(personally, i don't find the concept of the angle helpful :redface:)
  7. Feb 27, 2014 #6


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    You seemed to accept that the "length" of these vectors with the new inner product was not the regular length, so why the problem over angle?

    It's not accepting it as "true", it's accepting it as "defined that way". If you have a different inner product, then you can still define "length" and "angle" in terms of this inner product, but these are not the same as the regular length and angle.

    As you go further in maths, you will find many generalisations such as this. For example, you can define an inner product on sets of functions and treat these like vectors. This leads to the concept of "length" of functions and "distance" and "angle" between" functions.
  8. Feb 27, 2014 #7
    Thank you all for your help; I think it's slightly clearer now!
  9. Feb 28, 2014 #8


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    That is exactly the question that my post answered.

    It's just a definition, so there's nothing that you need to "accept as true", except that this is what the word "angle" means to a mathematician.

    I'll try again. Forget about vector spaces for a second, and think about what you know about geometry in a plane (triangles and stuff). The law of cosines implies that the angle θ between two vectors x and y in ##\mathbb R^2## satisfies the equality ##x\cdot y=|x||y|\cos\theta##. This is a theorem, not a definition.

    Now let's think about vector spaces. What if the elements of the vector space are e.g. matrices or functions? What is the angle between
    ##\begin{pmatrix}1 & 0\\ 0 & 1\end{pmatrix}## and ##\begin{pmatrix}1 & 0\\ 0 & -1\end{pmatrix}##? What is the angle between two polynomials? Such questions don't make sense as long as there's no definition of "angle" that can be used to answer these questions. So the question is, is there something, anything, that can be calculated from two arbitrary vectors x and y that somehow "deserves" to be called "the angle between x and y"?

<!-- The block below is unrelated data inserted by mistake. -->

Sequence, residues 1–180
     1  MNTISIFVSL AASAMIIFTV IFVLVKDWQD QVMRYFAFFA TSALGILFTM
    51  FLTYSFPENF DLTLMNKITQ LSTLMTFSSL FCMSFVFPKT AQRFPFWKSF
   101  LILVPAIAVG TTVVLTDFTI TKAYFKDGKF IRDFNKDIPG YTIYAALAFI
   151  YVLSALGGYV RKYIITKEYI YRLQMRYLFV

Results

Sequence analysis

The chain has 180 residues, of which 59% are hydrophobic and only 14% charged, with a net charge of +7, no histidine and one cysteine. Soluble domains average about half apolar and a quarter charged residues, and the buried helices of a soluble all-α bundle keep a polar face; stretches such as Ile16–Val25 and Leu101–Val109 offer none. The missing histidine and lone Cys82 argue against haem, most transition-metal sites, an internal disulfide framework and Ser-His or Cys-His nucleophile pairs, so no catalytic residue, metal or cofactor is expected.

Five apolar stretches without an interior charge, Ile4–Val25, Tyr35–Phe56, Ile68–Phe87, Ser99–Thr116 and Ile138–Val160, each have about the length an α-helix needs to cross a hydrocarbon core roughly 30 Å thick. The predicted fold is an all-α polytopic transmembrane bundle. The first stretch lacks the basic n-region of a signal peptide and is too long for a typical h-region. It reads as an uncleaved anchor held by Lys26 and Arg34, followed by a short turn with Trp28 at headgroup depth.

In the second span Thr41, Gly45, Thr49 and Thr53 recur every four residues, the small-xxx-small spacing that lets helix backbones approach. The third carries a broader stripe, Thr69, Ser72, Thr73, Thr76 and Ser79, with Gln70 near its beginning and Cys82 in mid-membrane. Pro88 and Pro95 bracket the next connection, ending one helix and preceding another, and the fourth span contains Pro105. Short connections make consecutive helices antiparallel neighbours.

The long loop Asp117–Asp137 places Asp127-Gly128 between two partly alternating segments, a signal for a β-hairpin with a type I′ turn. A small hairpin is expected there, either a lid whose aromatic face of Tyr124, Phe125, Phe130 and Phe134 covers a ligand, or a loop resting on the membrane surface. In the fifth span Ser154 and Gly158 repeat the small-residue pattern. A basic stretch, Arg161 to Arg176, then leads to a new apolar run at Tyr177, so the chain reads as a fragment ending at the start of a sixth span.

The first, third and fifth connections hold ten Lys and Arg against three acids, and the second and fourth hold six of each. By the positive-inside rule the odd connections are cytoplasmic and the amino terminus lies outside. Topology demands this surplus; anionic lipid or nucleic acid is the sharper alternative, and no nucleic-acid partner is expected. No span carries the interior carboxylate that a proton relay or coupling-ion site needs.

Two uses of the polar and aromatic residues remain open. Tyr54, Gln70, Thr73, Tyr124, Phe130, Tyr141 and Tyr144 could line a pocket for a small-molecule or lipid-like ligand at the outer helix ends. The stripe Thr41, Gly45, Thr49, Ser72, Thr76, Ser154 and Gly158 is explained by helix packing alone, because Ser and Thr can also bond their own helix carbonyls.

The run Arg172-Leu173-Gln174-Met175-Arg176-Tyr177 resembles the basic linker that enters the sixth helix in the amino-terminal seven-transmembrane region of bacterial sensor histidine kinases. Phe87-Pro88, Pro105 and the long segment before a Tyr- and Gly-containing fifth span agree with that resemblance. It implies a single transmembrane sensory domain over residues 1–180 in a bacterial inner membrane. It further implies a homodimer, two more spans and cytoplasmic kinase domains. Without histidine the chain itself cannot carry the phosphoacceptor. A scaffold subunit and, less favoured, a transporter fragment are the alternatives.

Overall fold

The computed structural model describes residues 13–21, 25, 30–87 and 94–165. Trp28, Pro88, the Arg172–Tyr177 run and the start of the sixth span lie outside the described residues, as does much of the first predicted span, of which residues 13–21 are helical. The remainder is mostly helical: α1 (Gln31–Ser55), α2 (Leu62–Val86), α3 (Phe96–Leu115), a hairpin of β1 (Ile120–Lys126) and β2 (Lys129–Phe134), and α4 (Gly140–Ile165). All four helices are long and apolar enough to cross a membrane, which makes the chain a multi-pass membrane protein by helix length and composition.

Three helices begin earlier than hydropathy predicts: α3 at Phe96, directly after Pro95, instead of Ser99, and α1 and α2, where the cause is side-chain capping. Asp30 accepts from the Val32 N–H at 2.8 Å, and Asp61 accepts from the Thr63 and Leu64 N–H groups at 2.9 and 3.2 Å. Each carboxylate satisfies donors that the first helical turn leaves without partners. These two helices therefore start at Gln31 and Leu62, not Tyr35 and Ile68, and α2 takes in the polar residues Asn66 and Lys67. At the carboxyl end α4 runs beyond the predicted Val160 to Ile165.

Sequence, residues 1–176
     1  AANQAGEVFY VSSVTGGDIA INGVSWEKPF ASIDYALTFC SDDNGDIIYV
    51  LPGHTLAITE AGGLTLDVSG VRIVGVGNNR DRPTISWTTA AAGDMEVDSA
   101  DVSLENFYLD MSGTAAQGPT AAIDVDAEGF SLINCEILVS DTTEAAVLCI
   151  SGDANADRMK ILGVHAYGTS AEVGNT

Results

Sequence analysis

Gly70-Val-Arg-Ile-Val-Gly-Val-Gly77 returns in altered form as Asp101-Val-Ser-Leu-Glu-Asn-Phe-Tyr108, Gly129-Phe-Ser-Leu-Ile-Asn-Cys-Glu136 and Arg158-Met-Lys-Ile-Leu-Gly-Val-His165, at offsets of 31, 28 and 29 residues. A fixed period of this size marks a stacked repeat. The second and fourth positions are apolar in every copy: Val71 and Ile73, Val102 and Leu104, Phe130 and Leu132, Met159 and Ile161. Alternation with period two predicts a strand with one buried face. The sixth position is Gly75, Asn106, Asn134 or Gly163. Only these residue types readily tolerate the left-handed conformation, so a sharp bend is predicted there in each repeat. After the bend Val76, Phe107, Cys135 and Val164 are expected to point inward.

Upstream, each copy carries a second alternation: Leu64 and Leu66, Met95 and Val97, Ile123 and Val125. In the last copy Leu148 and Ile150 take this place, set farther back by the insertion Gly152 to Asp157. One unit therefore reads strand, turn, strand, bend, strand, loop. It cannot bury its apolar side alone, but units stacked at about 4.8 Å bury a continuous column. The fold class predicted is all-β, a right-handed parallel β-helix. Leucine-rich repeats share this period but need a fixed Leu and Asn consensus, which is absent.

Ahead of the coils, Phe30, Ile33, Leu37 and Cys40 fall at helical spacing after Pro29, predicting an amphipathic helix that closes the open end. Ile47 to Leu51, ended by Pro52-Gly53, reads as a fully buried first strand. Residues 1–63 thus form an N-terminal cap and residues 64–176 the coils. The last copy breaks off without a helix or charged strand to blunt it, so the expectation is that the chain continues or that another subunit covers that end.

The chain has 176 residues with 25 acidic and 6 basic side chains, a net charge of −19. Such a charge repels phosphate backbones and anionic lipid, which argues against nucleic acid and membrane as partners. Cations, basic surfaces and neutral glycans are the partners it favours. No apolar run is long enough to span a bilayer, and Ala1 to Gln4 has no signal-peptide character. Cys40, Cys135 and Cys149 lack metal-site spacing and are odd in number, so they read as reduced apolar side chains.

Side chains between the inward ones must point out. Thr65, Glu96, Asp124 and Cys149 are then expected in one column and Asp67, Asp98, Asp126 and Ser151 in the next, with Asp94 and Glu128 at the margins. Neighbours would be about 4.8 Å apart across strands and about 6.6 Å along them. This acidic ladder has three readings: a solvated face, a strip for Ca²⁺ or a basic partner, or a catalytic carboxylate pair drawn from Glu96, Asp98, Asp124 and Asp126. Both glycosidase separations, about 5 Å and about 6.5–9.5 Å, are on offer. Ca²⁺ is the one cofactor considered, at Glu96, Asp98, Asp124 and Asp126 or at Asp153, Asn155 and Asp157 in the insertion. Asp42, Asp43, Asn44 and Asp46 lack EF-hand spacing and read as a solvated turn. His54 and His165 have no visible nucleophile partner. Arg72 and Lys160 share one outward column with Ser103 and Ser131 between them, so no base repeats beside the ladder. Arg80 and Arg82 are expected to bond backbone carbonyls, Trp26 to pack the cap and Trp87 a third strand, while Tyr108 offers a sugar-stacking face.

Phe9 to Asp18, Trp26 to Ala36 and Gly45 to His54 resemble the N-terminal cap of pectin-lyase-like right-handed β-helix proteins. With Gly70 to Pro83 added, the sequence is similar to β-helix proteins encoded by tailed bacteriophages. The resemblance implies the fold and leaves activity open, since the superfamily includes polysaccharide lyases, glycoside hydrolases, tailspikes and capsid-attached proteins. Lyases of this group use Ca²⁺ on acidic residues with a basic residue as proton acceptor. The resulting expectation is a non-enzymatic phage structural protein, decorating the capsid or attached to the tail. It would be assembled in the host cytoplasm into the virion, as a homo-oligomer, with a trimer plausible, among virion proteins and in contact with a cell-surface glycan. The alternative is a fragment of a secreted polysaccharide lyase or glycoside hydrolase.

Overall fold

The answer starts with the following observations:

    * For all ##x,y\in\mathbb R^2##, we have ##x\cdot y=|x||y|\cos\theta##, where ##\theta## is the angle between x and y.
    * The dot product on ##\mathbb R^2## is an inner product.
    * The absolute value on ##\mathbb R^2## is a norm, and for all ##x\in\mathbb R^2##, we have ##|x|=\sqrt{x\cdot x}##.
    * Let V be an arbitrary inner product space over ##\mathbb R##. The Cauchy-Schwarz inequality implies that for all ##x,y\in V##, we have $$-1\leq \frac{\langle x,y\rangle}{\|x\|\|y\|} \leq 1,$$ where ##\|x\|## is defined as ##\sqrt{\langle x,x\rangle}##. This means that there's a unique real number θ such that
    $$\cos\theta=\frac{\langle x,y\rangle}{\|x\|\|y\|}.$$ The first observation tells us that when the inner product space is ##\mathbb R^2## with the standard inner product, this number is the angle between the vectors. So if we're dealing with some inner product space where there is no concept of angle yet, why not just call this number "the angle between x and y"?

    The only claim that you have to "accept as true" is that mathematicians have chosen to do this.
    Last edited: Feb 28, 2014